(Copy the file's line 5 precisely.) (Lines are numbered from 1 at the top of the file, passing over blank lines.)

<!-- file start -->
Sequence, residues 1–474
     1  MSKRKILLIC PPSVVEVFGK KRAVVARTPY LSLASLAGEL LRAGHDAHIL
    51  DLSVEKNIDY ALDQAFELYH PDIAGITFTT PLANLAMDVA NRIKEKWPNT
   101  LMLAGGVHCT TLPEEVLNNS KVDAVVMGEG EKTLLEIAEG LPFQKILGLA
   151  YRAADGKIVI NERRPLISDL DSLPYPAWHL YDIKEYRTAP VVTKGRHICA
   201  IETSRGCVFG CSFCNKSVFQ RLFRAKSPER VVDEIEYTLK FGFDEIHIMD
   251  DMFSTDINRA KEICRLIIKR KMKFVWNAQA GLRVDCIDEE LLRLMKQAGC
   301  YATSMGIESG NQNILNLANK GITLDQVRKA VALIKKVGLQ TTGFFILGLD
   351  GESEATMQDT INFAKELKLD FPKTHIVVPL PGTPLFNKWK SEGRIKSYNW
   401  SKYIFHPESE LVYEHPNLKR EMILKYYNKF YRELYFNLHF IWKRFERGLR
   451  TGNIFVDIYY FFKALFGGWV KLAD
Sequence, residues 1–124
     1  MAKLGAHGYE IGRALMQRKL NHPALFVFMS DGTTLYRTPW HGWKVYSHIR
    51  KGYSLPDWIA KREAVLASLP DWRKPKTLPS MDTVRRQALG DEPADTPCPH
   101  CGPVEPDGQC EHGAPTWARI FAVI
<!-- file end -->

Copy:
   151  YRAADGKIVI NERRPLISDL DSLPYPAWHL YDIKEYRTAP VVTKGRHICA